But with everything in life, there’s a process, and it has to go through the nuncio in that country and, in turn, that request goes to the Vatican, then it comes to us at world headquarters in Philadelphia. Then we have a grants committee, and the grants committee goes through all of them and that’s pretty much all coordinated with David, who’s our executive director, who’s a very kind fellow to boot.
What are the requirements for being a member, how much does each member give roughly, and then how are grants allotted?
DAVID SAVAGE: It’s 123 grants this year. Eustace mentioned the grants committee made up of the Stewards of St. Peter — members of the foundation are referred to as the Stewards of St. Peter. They’ve each made generous donations to the foundation. We have committees of the Trustee Board and so we have five members who are trustees who sit on the grants committee. This year the Vatican got close to 200 requests from all over the world, they then prioritize the list, and it went down to 152 requests and then our committee goes through each one of them and that’s how we got to the 123 that Eustace just mentioned. We can only review the grants that are approved by the Vatican and provided to us, and each nuncio can recommend up to three grants to the Vatican and then the Vatican sifts through them.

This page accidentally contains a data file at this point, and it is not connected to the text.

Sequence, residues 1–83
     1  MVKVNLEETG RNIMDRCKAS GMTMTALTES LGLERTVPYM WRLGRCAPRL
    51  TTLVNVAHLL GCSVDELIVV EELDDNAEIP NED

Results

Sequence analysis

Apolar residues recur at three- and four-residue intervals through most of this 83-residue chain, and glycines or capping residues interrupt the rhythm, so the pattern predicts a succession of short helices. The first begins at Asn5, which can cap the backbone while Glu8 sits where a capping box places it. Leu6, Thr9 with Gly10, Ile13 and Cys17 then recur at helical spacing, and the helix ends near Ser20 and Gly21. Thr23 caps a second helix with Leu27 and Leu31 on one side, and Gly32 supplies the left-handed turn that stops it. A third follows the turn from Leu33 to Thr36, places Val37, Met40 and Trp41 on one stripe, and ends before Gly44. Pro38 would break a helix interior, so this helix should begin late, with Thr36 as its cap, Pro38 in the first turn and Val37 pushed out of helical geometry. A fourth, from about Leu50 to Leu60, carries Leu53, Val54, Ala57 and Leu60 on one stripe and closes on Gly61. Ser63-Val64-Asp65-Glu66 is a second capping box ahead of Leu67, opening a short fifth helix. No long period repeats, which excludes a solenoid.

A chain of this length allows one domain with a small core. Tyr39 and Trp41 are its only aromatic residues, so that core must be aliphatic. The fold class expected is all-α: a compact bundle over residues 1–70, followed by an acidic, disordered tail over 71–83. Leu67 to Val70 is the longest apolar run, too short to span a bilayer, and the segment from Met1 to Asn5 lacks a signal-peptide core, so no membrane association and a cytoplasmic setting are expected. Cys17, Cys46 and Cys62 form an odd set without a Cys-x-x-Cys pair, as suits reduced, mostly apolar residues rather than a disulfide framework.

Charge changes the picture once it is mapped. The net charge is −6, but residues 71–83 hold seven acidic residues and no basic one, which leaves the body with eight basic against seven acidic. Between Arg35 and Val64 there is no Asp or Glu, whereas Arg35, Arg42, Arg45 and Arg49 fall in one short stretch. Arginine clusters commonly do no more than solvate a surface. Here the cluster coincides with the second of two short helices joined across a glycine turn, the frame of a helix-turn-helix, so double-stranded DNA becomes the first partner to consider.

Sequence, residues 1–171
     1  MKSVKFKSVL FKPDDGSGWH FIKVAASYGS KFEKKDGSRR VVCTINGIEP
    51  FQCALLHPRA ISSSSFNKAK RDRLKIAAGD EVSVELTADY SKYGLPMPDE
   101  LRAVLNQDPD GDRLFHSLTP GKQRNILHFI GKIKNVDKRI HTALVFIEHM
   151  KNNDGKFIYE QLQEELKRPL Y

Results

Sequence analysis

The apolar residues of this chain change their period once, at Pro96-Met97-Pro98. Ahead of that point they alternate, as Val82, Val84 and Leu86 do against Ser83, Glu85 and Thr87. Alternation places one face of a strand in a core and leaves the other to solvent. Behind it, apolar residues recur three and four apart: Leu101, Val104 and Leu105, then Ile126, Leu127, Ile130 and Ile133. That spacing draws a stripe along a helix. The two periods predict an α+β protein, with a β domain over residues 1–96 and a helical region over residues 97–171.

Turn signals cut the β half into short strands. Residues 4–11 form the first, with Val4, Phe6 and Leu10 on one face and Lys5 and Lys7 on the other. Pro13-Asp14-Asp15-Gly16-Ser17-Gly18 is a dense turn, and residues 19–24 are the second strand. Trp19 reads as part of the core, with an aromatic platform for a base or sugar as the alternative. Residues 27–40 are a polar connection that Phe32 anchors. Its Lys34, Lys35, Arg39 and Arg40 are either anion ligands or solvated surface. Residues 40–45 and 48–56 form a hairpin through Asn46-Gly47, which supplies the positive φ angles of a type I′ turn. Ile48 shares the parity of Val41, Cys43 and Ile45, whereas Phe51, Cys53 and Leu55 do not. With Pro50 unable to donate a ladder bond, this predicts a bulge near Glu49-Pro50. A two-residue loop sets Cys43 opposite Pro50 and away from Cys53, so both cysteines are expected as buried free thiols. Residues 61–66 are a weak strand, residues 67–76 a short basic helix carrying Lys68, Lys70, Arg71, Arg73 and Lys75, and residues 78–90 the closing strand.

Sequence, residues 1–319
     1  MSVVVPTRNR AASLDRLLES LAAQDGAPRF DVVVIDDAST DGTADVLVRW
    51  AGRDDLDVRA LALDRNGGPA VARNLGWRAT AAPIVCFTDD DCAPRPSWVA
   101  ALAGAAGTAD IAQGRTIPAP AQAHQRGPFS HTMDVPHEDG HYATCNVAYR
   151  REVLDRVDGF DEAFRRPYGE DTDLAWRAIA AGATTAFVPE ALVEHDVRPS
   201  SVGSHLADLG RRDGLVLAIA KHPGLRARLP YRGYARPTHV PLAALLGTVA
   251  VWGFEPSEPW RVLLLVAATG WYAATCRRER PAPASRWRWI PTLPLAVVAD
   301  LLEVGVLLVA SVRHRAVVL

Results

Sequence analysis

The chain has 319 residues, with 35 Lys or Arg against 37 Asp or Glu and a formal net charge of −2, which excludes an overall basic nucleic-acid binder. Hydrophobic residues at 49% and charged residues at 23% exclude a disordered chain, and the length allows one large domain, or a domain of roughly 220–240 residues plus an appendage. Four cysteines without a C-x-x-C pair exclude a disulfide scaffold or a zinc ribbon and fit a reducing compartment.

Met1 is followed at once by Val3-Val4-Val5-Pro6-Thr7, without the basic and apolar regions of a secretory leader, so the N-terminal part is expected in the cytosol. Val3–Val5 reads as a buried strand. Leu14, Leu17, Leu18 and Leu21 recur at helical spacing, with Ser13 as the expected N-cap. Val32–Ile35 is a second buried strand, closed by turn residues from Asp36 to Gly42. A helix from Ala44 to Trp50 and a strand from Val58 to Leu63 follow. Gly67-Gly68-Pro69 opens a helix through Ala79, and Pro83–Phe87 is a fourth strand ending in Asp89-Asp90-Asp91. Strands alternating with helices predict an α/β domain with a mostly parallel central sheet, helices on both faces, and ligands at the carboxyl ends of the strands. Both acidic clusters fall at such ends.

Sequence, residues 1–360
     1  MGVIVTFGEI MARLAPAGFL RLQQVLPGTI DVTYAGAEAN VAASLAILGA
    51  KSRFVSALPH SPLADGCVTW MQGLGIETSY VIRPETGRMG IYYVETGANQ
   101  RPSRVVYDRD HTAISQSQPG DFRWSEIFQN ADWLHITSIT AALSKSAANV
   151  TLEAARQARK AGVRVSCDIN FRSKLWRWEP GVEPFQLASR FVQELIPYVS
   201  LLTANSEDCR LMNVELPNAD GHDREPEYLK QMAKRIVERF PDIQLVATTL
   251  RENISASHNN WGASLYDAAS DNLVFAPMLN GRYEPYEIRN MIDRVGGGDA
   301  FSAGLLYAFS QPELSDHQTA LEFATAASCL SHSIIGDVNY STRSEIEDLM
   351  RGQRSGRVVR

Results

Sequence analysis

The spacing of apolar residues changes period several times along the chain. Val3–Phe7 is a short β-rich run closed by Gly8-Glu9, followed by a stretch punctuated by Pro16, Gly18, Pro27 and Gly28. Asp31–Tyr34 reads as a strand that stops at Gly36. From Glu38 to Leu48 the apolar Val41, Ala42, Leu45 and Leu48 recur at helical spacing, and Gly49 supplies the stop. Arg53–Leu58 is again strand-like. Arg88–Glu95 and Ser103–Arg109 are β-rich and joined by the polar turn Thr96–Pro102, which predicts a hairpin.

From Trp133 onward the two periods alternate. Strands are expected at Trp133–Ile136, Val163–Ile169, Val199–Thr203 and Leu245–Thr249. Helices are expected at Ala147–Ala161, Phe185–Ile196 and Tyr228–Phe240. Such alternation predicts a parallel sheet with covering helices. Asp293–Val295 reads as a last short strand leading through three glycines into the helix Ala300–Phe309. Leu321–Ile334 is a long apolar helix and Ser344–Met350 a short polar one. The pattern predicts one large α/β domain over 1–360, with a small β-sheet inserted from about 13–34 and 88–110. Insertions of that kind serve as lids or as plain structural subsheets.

What is the nuncios’ role?
SAVAGE: There’s quite a paper trail, so if you’re a parish priest or an apostolate, or member of a religious order, whether in Africa, South America or Asia, you fill out a form that’s an application that’s passed on to the nuncio. So the nuncio is the first review line.
MITA: The nuncio is very involved because the bishops and priests are those they have to go to get resources, so the nuncio is constantly receiving requests on his own and he’s then parsing those requests and sending them to us. He can give us up to three requests a year.
SAVAGE: We get emails and calls in Philadelphia and all we do is refer the organizations back to their territory.
And do you have the final say?
MITA: Yes, we do. We’ve only, probably in 30 years, had two areas that we disagreed on grants, that was really it. So I’d say 98%-99% of the time we agree on the grants. Oftentimes we can’t fully fund a project because there’s only so much that we want to advance per grant. So let’s say they’re asking for half a million, we give them $100,000, look at the progress of the project, and if everything’s falling in line we can come back and give them another $100,000. But we’ve built our corpus up to over one quarter of a billion.
Who takes the final decision?
SAVAGE: The five committee members, they make a recommendation to the full board based on all the criteria and processes.
MITA: The board is made up of 23 members, including our clerical members and the laity. They approve it, fund it and we move forward.